I wished that I could take a picture of him standing there with the light hitting his crows’ feet. All I had were parentheses around my mouth from sleeping on my face. But he is camera shy.

“I like those crows’ feet on you. It makes you look like you’ve spent your life smiling.”
“Nice save,” he said, kissing me on the forehead.

I stood and memorized the picture in my head, loving the light and still secretly loving those crows’ feet.

The Heathcliff Theory

“Heathcliff,” of course, refers to Heathcliff from Wuthering Heights, not the annoying cartoon cat. Heathcliff is a pretty tragic guy: he runs around making everyone miserable, nabbing people’s fortunes and generally being unpleasant to everyone in his incestuous little moor neighborhood. Why, then, am I strangely drawn to him?

He’s horrible because someone broke his heart. He loved so deeply that, when it went wrong, he lost his damn mind. It’s tragic and goth as fuck, but it’s also kind of romantic because it never happens anymore. In present day, Heathcliff could have just deleted Catherine from his friends list, moved to another town and pretended she never existed. He’d either shrug her off and get over it or end up drinking himself to death in the privacy of his own home. Or he could pretend he was OK and whore around with every girl he knew, subconsciously taking out his wounds on every girl who would have him. Or he’d just become married to his work. I have seen male friends do pretty much all of the above. At any rate, he probably wouldn’t end up exhuming the skeleton of his beloved, just so he can sleep next to her. (Toldja. Goth as fuck.)

To get back on-task, I think women are drawn to Heathcliff because, even in his complete dysfunctional insanity, he’s still an example of a male heart that, while surrounded by rocky crags, is secretly very delicate.* It’s the double-edged sword: any man capable of feeling anything deeply enough to be driven insane by it is probably worth knowing. Unfortunately, he is also insane.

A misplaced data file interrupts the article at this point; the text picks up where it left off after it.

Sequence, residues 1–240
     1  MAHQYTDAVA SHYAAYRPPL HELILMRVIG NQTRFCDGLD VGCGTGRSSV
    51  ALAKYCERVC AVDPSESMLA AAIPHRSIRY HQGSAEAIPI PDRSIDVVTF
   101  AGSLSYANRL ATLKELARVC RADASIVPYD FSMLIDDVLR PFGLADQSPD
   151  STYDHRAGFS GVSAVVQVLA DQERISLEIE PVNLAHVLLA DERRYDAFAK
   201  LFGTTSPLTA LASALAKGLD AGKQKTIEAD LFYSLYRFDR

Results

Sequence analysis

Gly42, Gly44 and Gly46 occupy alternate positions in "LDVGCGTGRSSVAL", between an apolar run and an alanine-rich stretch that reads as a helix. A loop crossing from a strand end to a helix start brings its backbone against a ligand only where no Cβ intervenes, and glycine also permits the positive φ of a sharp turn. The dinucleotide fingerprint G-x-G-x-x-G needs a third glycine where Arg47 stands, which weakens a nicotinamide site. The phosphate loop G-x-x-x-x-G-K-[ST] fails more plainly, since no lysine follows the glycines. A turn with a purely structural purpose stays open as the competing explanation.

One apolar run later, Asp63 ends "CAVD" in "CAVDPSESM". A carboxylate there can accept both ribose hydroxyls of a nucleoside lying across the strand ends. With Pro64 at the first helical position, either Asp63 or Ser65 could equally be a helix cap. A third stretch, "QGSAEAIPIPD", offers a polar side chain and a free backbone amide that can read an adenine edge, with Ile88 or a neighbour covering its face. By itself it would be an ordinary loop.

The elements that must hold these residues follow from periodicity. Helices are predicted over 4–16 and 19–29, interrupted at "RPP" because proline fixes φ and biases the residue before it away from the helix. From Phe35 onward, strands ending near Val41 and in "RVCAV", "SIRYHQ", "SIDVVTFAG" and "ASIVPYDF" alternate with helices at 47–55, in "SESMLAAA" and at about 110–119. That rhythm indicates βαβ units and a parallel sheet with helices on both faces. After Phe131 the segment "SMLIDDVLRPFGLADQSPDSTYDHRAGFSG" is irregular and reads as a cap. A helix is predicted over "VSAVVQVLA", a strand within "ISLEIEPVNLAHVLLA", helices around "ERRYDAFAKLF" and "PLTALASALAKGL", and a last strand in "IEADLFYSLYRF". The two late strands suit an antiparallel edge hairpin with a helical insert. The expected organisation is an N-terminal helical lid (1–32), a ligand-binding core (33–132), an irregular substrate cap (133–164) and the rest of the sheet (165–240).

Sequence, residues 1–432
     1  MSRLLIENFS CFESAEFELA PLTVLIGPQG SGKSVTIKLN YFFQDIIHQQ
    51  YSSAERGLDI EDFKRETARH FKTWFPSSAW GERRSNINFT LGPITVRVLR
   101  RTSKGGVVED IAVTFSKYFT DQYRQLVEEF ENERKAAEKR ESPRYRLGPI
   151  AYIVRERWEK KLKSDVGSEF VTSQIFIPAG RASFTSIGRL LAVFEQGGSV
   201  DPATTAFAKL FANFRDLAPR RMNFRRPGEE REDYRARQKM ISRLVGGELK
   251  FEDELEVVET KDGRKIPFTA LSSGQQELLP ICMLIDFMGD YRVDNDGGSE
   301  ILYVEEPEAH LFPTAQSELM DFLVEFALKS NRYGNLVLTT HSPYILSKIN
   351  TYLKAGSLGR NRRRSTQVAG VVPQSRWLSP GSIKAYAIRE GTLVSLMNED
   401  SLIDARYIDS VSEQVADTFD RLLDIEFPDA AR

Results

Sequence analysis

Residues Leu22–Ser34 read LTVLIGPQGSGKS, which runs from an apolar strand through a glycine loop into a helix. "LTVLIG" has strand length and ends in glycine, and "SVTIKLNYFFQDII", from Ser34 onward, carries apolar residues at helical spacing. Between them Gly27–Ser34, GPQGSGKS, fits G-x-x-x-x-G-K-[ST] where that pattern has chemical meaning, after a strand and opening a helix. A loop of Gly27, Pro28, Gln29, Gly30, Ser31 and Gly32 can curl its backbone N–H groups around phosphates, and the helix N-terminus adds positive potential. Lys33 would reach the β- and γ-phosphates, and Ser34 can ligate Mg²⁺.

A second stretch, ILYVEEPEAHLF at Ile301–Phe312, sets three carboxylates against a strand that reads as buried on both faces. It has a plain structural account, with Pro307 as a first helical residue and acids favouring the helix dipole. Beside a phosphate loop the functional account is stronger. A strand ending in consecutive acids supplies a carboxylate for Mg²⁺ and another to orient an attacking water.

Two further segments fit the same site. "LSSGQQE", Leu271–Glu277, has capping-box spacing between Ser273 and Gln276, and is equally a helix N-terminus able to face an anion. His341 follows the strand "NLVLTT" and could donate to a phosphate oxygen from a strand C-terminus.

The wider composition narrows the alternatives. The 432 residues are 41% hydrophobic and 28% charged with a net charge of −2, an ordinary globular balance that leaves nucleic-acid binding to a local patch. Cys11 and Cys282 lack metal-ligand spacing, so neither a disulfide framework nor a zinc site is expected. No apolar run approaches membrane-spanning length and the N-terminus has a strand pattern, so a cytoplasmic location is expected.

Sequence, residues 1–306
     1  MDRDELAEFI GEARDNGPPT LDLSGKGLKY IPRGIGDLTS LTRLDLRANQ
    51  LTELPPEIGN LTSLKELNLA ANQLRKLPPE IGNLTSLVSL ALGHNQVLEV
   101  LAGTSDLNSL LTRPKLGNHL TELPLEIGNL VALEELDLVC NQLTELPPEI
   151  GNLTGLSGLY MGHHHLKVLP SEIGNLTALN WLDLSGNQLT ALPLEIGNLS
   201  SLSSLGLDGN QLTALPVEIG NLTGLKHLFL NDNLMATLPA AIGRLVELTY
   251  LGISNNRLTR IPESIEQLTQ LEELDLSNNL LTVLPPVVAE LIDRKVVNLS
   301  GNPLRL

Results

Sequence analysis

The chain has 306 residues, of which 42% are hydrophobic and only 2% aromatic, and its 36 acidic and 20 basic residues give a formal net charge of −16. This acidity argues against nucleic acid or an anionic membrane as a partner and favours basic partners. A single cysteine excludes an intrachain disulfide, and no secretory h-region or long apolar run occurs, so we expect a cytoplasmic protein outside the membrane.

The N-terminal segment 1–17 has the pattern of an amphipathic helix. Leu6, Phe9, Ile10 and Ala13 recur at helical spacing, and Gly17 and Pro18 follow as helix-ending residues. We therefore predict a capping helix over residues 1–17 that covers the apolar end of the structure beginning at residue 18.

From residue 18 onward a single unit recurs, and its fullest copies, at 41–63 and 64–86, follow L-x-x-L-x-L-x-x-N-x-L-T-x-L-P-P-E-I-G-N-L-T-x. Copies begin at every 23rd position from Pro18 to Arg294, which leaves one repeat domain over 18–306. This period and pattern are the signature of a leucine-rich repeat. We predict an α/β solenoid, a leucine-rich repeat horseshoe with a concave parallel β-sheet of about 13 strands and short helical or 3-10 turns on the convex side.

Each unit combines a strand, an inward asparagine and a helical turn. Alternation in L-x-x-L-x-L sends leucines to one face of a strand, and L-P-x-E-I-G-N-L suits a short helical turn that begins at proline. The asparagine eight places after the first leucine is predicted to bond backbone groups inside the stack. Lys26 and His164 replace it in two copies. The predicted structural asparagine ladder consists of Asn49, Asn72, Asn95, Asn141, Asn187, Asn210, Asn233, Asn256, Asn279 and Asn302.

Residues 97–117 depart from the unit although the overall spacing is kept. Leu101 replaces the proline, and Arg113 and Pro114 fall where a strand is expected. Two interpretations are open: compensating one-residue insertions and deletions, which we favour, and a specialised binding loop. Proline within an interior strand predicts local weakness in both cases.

This isn’t simply the old “women find a bad boy and want to ‘fix’ him” phenomenon. I have never been particularly into that one, as it seems like a lot of work to put into something that doesn’t come with a 401k and full dental. I have actual craft projects; I don’t want to date one.

The thing that makes me drawn to Heathcliff isn’t that he’s messed up. It’s that he felt deeply enough to get messed up.

Ladies, don’t lecture me. I didn’t say I was seeking Heathcliff. The fantasy of Heathcliff and the reality of him are two very different things, and not something to tackle unless you thrive on drama and don’t mind never getting a good night’s sleep. I am not seeking Heathcliff. I’m seeking Rochester. You see…I’m still screwed.

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*You heard me. I used the moors in the story as a metaphor for Healthcliff’s heart. Rocky, but blessed with fertile soil. Do not front on my mad 10th grade English skillz.

So, Your Girlfriend Loves Bill Compton (part two)